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Source: DK/RA-UM/Gruppeordnede sager 1909-1945. 139. D. 1, ”Tyrkiet - Indre Forhold”. Pakke 1, til 31. december 1916
Edition: Danish diplomatic sources
Departure of telegram: 07/24/1914
Arrival of telegram: 08/13/1914
Embassy/consular serial number: Nr. 2
Translated by: Matthias Bjørnlund
Last updated: 03/28/2012

The minister in Constantinople (Carl Ellis Wandel) to the Foreign Minister (Erik Scavenius)


Nr. 2
The Royal Legation. Constantinople, 24 July 1914.

Mr. Foreign Minister,

No significant difference of opinion has materialized between the members of the Turkish Parliament during the present session, and there do not seem to be organized parties there that represent different political ideas or nuances. Indeed, when the government requested a vote of confidence after having presented its program to the Chambers on the 19. of this month, it was enacted by 213 votes, and only one member voted against it.
The reason for this must be sought in the way in which the elections for the Chambers have been conducted.

The outdated election regulations of 1878 are still in force today, and the government – i.e. the Committee of "Union et Progres" – , which pretty much reigned supreme in the country after the conclusion of peace, was thereby able to influence the elections in an absolutely decisive manner.

After having decided to call new elections and to convene the Chamber of Deputies, the government administratively expelled almost all political opponents from Constantinople and from the other major cities of the country under the pretext of wanting to initiate an examination occasioned by the murder of the former Grand Vizier and Minister of War, Mahmoud Chevket Pacha [Mahmud Sevket Pasha], and the subsequent elections took place at a time when these persons were unable to stage an election campaign.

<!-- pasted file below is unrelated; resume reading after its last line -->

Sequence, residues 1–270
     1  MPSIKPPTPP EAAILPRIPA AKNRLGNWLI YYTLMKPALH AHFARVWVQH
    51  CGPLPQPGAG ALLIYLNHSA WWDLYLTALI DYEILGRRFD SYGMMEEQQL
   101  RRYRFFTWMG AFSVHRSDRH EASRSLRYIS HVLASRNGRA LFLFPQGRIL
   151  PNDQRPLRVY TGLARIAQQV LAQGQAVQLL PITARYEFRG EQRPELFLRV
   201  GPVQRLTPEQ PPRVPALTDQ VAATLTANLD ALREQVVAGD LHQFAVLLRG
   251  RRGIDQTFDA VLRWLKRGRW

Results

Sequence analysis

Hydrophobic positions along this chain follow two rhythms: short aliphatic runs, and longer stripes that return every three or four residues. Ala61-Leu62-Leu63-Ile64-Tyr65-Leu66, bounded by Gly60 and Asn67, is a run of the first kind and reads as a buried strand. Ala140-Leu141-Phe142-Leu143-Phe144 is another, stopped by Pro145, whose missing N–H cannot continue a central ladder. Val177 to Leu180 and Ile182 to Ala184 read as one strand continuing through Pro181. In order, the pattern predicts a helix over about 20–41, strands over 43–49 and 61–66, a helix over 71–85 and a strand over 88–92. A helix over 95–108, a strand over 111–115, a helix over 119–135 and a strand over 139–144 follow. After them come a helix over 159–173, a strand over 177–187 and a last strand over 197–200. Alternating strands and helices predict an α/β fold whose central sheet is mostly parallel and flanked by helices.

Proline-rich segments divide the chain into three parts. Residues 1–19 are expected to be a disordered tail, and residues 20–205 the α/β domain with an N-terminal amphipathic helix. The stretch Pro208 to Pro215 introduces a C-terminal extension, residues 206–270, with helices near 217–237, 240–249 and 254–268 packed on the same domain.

Three energetic men: Interior Minister Talaat Bey, Minister of War Enver Pacha, and then Police Prefect Azmi Bey, who was later dismissed because of the Kavakli Mustafa Affair and is presently member of the Chamber of Deputies, were heading the government and the Committee of "Union et Progrès," and they made sure that there was no real electoral campaign.

In Turkey, elections for the Chambers are conducted in such manner that the electorate elect the electors who then conduct the final election.
The list containing the names of those electors who were appointed by the Committee of "Union et Progrès" were distributed to the Mohammadan voters when they showed up to cast their votes, and the voters had to put those lists in the ballot boxes in the presence of the officials and gendarmes, ensuring that the electors were elected almost unanimously.

The electors who were entered on the lists were of course all supporters of the Committee of "U et P," and the election of the Deputees was only a mere formality.

While this method was used vis-à-vis the Mohammadan voters, it was quite another matter when it came to the election of the Christian Deputies.

The Christian voters have no reason to oppose the Committee of "U et P" as long as they are given the promises and guarantees they wish for, the more so since "U et P" is presently the only organized party with a positive program that exists in Turkey.

The opponents of "U et P" do point out the mistakes the Committee make, but they do not give any clear and precise indication as to how they want the country to be governed, and they have done nothing when they were in power.